Ryan McCormack’s Operational Excellence Mixtape: June 28, 2024


Thanks, as always, to Ryan McCormack for this. He always shares so much good reading, listening, and viewing here! Subscribe to get these directly from Ryan via email.

News, articles, books, podcasts, and videos about how to make the workplace better.

Operational Excellence, Improvement, and Innovation

Skunk Works

Truly the most satisfying experiences of my career have come from a few discrete projects where I was part of a specialized team given the autonomy, resources, and permission to take risks and rapidly turn around a prototype to solve a problem. Innovation thrives when teams are protected from the administrative bureaucracy of large organizations and given the freedom to be creative. Lockheed famously developed Skunk Works to rapidly develop America's first fighter jet, and it didn't stop there. “Skunkworks” has become synonymous with innovation everywhere. Check out the Lockheed Skunk Works Story – 80 Years of Innovation. Give your talented teams the space, time, and freedom to solve hard problems. 

A history of the XmR chart

I'm happy about the movement to democratize data and reporting. It should make it easier for teams and managers to make data-driven decisions to improve their performance. But, the proliferation of Power BI dashboards is relegating the Shewhart chart to the historic dustbin in favour of high-speed 3-D bar charts and chartjunkpreferred by business leaders and marketers, often obscuring signals in the noise or confusing noise for signal. 

The XmR chart remains a valuable and flexible tool for those seeking to understand or improve their processes, regardless of underlying distribution. It is indeed a “Swiss Army Knife” of process behaviour charts. Dr. Wheeler shares the history of the chart for individual values.

Formula 1 Pit Crews 

The Canadian Grand Prix ended this month with another Verstappen victory. I traditionally haven't been interested in Formula One, but some colleagues convinced me that it offers up a lot to learn regarding strategy, engineering, teamwork, and improvement. 

Pit stops have long been shown as an example of using set-up reduction techniques to improve performance. I recall watching an educational video in 2000 of how pit crews were able to get their times down below 10 seconds using SMED (single-minute exchange of ties) techniques. Fast forward to last week's F1 race – pit crews are now consistently sub 2 seconds! How do they do it? Here's a great step-by-step breakdown of the 2 second pit stop

This video shows the evolution of F1 pit stops from the 1990's to 2023 – continuous improvement in action.

Creating a Culture of Improvement

Whole Foods CEO Seeks Problem Solvers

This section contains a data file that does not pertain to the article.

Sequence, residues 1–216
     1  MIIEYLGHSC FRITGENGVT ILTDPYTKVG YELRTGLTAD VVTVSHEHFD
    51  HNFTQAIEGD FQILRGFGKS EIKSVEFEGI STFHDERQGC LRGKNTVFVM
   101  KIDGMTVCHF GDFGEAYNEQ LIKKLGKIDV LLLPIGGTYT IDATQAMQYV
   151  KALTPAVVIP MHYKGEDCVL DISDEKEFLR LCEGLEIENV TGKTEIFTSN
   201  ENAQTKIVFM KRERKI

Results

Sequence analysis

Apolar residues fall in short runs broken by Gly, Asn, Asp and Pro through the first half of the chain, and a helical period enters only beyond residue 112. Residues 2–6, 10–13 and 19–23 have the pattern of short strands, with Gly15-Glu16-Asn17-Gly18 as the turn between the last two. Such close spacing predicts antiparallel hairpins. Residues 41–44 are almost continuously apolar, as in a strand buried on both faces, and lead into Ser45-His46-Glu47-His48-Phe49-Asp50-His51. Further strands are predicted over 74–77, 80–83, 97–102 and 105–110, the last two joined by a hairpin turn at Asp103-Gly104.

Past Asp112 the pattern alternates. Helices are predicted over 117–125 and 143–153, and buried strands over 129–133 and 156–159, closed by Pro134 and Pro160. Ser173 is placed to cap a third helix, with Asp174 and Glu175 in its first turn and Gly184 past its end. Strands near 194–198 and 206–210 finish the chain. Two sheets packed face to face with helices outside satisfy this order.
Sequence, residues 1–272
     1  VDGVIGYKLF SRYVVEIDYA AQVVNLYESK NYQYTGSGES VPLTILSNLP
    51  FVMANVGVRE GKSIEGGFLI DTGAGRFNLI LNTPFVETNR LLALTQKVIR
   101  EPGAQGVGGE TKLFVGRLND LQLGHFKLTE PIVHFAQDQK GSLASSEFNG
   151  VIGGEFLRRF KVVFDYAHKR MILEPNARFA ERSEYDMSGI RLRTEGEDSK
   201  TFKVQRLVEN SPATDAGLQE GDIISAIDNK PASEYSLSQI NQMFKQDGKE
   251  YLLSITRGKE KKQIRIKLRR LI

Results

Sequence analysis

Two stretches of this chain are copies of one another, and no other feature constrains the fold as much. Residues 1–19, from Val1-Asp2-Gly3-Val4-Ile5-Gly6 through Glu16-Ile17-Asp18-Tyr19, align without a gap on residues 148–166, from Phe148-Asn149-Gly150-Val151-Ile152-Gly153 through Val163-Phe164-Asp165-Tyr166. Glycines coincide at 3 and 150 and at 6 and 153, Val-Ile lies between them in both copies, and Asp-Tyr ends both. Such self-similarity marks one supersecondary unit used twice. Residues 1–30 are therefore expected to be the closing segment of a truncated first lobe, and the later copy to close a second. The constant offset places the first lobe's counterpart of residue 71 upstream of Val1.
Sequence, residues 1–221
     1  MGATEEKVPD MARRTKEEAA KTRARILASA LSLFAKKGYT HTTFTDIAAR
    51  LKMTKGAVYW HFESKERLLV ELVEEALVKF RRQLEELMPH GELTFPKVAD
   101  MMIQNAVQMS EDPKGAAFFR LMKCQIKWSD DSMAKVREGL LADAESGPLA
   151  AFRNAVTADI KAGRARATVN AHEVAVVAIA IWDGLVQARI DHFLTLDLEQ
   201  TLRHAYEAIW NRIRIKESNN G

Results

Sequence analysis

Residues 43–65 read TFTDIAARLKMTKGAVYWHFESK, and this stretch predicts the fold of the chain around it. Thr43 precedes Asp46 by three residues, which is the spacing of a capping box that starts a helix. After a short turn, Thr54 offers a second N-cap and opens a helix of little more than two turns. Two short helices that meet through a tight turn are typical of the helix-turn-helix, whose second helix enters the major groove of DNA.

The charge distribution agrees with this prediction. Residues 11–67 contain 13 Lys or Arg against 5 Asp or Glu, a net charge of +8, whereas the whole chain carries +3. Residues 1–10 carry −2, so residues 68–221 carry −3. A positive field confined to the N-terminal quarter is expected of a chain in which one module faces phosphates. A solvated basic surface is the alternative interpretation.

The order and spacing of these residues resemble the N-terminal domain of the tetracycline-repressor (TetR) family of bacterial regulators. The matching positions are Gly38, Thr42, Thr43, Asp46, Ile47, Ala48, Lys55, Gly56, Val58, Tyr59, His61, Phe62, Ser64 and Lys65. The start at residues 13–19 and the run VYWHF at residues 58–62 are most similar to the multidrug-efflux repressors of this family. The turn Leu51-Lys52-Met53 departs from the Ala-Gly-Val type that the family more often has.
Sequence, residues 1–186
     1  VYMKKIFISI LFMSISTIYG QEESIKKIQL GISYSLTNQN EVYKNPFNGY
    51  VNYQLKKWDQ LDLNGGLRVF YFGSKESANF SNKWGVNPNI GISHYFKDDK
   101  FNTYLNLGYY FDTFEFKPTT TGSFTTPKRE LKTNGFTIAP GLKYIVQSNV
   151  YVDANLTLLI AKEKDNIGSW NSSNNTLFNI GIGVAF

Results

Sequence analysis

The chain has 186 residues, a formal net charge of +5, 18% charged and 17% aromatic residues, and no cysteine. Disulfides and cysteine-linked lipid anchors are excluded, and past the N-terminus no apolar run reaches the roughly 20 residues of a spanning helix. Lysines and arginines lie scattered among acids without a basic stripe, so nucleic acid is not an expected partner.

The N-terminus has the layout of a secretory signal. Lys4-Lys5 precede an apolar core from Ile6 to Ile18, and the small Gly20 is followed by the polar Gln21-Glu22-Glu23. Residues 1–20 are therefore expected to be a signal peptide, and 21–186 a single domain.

Jason Buechel, CEO of Whole Foods, shares that the number one characteristic he looks for in employees is a love of problem solving. I wonder how much time Whole Foods invests in nurturing and practicing problem solving. 

Research Shows Humble Leaders Boost Employees' Status

Edgar Schein promoted “humble inquiry” as a method for reducing differences in status in “helping” relationships and helping others take ownership of problem-solving. A recent study shows that humble leadership can indeed elevate the status of employees and motivate them to take charge – presuming this is something your organization may want to do of course.

Can Southwest Airlines Preserve Its Employee-Centric Culture?

Under Herb Kelleher, Southwest Airlines became a vaunted business school case study for its employee-centric culture, low prices, and high levels of customer satisfaction. Since he stepped down as chairman in 2008 and his passing in 2019, the landscape of the airline industry has evolved and many believe Southwest's culture has deteriorated over that time. Can Southwest Airlines find its way again?

Henry Mintzberg believes that culture gets managed in the beginning, primarily by the founder. In situations where the founder sets a strong culture, it can be revived or rebuilt when there is still a remnant left, even after the founder is long gone.

Commission sides with worker fired for failing to meet KPIs

The Fair Work Commission sided with a “vacation specialist” after they were fired by a tourism company for failing to meet KPI targets – targets that changed after being hired. The employee cites a lack of training and support required to meet the ever increasing targets, while the organization argued that the employee had plenty of opportunity to achieve the target, even though they assured the employee at the time of hire that there was little pressure to meet the targets. This case reminds us of the dangers of setting individual goals and targets and holding employees accountable when there may be systemic causes preventing them from achieving targets.

Coaching – Developing Self & Others

AI in Coaching and Change Management

Can AI chatbots provide leaders with the insights and advice to get them unstuck? Maybe. But it's time to evaluate AI's role in the future of coaching and psychological support

Meanwhile, a poll shows that few change management professionals are currently using AI for work

Our Ambivalent Desire to Change

Organizations fool themselves by believing they are responsible for inspiring people to change. Change is deeply personal and complex. There are real paradoxes and possibilities for transformation

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Ryan McCormack
Ryan is an operational excellence professional with over 18 years experience practicing continuous improvement in healthcare, insurance, food manufacturing, and aerospace. He is an avid student of the application of Lean principles in work and life to create measurably better value.


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